by Mark Fried, Policy Coordinator, Oxfam Canada
Oxfam supporters who have been with us since 2006 will recall our Control Arms campaign. Many of you took part in the “million-facesOpens a new window” petition – and indeed we collected a million faces from across the world.
The campaign set out to get the world’s governments to negotiate a treaty to regulate the international trade in conventional weapons. This treaty that would keep guns and bullets from reaching people who would use them to violate human rights or undermine development. And we won: the treaty process began in 2008 and is due to culminate in record time. The final negotiations are to take place in July this year.
In New York this week, governments are butting heads over several points still lacking consensus. Among these are several points regarding process:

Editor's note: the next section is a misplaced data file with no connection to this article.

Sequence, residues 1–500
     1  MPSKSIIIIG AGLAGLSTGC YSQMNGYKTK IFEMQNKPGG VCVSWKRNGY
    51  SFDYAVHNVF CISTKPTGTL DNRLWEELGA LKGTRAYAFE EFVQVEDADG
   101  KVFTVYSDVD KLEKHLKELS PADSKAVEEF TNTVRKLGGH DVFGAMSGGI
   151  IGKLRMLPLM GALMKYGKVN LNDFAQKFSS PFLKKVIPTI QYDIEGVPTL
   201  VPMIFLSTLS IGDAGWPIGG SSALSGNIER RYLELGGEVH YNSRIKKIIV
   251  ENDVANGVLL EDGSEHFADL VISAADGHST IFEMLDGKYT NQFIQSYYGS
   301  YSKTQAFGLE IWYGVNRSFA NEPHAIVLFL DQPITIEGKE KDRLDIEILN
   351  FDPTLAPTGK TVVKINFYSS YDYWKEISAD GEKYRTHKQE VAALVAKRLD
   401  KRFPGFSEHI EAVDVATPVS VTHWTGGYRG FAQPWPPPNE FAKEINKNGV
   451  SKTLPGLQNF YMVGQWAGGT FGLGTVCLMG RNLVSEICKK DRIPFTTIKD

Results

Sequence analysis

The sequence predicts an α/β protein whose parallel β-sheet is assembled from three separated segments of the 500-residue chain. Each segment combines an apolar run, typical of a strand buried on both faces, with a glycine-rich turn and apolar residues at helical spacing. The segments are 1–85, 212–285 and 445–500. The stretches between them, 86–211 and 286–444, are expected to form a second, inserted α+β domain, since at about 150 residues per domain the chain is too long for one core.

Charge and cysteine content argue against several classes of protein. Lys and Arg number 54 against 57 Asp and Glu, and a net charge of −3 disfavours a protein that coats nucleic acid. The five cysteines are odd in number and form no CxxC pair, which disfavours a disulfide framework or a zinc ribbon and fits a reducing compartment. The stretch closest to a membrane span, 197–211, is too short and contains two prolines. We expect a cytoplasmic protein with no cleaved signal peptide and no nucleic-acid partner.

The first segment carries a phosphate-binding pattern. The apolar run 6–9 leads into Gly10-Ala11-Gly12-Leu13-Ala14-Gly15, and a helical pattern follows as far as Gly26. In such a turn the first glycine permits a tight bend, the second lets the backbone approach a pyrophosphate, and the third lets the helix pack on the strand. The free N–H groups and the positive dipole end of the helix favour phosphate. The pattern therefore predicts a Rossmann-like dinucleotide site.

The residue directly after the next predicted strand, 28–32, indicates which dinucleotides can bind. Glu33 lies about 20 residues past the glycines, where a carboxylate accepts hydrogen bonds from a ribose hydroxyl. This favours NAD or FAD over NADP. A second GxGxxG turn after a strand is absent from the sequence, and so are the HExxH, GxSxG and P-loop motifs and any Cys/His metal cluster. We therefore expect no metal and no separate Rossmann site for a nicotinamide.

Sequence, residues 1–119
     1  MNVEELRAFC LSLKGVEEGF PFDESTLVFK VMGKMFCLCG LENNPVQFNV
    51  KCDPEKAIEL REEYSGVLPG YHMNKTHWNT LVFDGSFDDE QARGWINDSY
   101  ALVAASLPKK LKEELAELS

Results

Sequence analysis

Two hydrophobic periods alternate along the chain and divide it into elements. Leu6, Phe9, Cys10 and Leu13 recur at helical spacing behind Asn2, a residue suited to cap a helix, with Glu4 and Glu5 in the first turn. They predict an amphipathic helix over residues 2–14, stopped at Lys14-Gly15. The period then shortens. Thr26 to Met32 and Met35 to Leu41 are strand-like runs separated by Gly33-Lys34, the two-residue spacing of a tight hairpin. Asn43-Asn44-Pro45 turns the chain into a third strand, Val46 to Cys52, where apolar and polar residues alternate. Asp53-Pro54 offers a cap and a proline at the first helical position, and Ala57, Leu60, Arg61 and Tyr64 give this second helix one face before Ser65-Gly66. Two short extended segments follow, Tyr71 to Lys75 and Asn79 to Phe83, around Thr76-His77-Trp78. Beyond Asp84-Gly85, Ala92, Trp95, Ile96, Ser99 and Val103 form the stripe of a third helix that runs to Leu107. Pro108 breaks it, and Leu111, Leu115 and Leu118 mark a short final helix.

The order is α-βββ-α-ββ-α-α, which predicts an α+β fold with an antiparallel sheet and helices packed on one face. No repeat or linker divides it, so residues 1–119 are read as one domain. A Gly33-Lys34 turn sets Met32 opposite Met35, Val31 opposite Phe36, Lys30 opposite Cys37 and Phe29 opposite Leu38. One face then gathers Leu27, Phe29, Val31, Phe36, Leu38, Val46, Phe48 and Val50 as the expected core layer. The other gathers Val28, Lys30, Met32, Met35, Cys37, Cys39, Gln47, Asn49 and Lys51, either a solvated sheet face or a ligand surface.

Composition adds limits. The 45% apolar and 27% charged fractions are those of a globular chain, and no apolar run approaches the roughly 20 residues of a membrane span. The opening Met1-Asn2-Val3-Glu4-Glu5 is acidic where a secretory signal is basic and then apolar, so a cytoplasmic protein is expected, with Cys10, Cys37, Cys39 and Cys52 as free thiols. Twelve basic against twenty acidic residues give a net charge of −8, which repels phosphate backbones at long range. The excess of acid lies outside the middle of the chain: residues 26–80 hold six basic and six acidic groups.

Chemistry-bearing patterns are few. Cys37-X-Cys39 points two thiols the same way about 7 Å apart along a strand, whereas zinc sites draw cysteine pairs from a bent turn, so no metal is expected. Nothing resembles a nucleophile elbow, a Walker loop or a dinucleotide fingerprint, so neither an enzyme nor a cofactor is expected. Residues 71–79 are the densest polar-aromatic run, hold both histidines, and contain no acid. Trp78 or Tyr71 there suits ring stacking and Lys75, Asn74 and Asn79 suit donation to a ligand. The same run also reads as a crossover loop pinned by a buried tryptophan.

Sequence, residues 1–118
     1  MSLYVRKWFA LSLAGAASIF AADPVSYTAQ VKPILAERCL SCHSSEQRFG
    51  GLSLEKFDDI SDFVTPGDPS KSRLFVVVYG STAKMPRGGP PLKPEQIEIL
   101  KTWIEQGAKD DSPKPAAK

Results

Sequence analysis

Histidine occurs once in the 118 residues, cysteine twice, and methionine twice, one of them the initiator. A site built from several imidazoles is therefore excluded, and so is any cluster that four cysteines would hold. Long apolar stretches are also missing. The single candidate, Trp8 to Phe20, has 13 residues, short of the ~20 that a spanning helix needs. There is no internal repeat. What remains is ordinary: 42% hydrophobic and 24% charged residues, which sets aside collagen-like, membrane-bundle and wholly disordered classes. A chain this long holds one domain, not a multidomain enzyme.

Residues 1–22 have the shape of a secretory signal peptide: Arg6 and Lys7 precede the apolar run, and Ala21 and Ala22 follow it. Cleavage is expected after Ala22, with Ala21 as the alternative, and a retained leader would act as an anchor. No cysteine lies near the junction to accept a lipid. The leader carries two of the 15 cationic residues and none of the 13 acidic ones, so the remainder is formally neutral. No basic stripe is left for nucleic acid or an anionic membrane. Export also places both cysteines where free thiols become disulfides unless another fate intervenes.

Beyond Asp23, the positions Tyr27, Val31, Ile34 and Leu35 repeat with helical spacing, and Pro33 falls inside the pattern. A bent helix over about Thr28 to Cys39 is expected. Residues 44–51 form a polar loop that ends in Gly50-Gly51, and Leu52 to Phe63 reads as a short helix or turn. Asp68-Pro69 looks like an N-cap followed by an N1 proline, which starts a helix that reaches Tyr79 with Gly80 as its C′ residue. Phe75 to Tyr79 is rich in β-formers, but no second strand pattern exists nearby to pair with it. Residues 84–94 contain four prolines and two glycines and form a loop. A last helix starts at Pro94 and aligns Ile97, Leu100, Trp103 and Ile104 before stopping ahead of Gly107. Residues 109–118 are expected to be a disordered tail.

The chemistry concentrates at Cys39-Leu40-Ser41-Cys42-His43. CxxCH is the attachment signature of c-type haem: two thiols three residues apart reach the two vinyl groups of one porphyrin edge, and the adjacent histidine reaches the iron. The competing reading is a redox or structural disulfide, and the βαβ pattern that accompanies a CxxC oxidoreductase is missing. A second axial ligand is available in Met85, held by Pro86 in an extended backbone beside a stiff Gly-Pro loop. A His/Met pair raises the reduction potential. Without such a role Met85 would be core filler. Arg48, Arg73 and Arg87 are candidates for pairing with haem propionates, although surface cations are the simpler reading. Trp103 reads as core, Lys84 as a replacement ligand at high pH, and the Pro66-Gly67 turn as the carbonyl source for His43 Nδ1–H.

- Will the final negotiations be open to civil society?
- How will decisions be taken during the final negotiations?
- Who will chair the final negotiations?
The chair of the negotiations has produced a draft treaty covering all key areas. Oxfam thinks it provides a good basis for moving forward, as it includes criteria for regulating arms trades based on human rights, international humanitarian law and sustainable development.
One serious weakness, however, is that the draft apparently restricts the application of these criteria to exports of conventional arms. Imports, transhipments and brokering of weapons would remain an unregulated free-for-all.
What’s more, police and internal security equipment would be excluded from the treaty, even though such equipment is often used in human rights abuses, as during the Arab spring.
Another problem with the draft is that it fails to spell out the record-keeping required or mandate public reporting on arms trades.
A small Oxfam team is in New York working with our Control Arms allies to lobby delegates to correct these flaws. You can follow the latest from them on Twitter: @linaholguin and @controlarms